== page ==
Interesting if you're a fan of Rik Mayall, this is an educational film aimed (I assume) at sixth-form or later drug education classes.
It covers all the main drugs of abuse (except, predictably, alcohol and tobacco) with a combination of amusing character acting from Rik, strange and sometimes rather funny portrayals of particular moods, trendy mid-90's music (with videos and bizarre psychedelic backgrounds) and vox-pop style interviews with people describing personal experiences with the use of (mostly illegal) drugs.
On the whole it's a fairly reasonable and accessible portrayal of the personal issues and consequences of drug use, legal consequences and health risks, suitable (despite its UK '18' certificate) for late teenagers who may be more receptive to its style and lack of overtly judgemental messages.
In some places the treatment is not entirely unbiased however, with the relative risks of different drugs being somewhat shifted in favour of a "all drugs have a good and a bad side" message.
Also, issues such as the purity or otherwise of the drugs are conflated with the actual basic issues surrounding the drugs themselves in such a way as to make it unclear which is the greater risk. For example, the principal danger of heroin abuse (addiction) is given little more treatment than the question of whether it's cut with brick dust. Although the issue of purity is very important with the more easily cut drugs and is responsible for many of the health risks these are not intrinsic to the drug itself and this should be clearly understood. If heroin (e.g.) were not addictive then the dangers of its being cut would be far less important; this also bears on the method of administration, since the consequences of injecting many of the pollutants commonly found in such preparations are significantly worse than the consequences of smoking or swallowing them.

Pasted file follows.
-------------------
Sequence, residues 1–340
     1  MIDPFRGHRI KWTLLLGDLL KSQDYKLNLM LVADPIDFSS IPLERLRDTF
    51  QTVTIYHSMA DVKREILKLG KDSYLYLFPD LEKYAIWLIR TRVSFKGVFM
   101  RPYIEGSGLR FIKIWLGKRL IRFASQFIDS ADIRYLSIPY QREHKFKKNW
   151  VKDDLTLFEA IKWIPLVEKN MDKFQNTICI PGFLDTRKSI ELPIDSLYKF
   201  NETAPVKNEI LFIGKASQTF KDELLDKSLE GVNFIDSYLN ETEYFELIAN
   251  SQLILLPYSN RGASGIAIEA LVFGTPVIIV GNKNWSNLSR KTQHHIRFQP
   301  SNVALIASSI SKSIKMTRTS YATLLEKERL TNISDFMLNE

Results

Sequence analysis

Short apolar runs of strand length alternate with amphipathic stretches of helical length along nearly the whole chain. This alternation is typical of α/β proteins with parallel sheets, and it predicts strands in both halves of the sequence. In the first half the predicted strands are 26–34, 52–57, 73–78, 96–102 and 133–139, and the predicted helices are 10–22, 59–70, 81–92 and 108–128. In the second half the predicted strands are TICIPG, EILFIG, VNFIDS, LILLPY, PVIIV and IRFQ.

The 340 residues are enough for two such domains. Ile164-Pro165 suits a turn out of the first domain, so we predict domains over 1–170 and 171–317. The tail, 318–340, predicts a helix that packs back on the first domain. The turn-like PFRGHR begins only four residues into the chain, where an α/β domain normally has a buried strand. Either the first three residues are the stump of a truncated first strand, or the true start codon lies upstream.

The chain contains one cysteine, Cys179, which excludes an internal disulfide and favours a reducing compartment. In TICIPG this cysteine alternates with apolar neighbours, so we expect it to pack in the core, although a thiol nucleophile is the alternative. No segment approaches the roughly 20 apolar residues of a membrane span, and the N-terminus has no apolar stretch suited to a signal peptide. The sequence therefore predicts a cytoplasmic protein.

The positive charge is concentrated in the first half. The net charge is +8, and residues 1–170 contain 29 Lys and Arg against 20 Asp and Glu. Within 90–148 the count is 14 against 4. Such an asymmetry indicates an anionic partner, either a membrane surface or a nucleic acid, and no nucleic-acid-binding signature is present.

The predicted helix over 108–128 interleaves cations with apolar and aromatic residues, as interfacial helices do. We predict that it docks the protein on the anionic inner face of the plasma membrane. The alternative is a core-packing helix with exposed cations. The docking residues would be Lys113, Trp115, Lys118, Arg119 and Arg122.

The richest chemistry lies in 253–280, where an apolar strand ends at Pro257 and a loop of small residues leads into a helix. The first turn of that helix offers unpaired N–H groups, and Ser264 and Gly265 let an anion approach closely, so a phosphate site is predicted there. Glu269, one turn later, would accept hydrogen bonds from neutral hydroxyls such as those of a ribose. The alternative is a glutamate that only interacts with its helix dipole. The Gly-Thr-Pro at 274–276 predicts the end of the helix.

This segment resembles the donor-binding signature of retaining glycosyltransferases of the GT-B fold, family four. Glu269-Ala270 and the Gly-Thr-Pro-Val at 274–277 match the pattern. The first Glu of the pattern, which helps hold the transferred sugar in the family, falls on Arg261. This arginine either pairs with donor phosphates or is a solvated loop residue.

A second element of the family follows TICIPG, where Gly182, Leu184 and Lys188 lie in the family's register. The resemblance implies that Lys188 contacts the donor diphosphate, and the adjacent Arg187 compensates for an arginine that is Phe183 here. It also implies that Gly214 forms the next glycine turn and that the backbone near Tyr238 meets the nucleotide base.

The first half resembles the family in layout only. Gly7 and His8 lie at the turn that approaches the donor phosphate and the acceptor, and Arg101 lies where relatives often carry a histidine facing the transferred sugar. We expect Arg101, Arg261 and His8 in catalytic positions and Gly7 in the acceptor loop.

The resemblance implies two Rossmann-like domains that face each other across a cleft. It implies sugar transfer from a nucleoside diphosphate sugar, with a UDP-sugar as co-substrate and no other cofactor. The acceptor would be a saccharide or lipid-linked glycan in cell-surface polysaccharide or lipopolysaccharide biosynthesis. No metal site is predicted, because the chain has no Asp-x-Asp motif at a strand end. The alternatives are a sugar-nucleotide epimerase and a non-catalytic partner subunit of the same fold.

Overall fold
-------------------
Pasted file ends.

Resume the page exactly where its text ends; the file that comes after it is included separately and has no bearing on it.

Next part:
Also the vox pops are (occasionally) of dubious authenticity. Several people claim to have severely abused almost every drug covered, which although possible is extremely unusual as most drug users tend to follow fairly rigid patterns of polydrug use. It is an interesting question whether at least one of the contributors is bragging - in the section on LSD her statements on having seen full visual hallucinations are flatly contradicted by the other contributors, who state that such a naive popular conception of the action of hallucinogens is far from the truth. It is interesting to wonder whether the film-makers intended this to be the case, as these comments are juxtaposed with one another.
Depending on how it is viewed this could lead to the audience deciding, with Rik's main character, that none of them are worth the effort. Alternatively they could decide that it is no more risky to chase the dragon or smoke crack than it is to try magic mushrooms.
Although amusing and witty in places the style smacks (ahem) of trying rather too hard to be cool. This may lessen its impact on its target audience.
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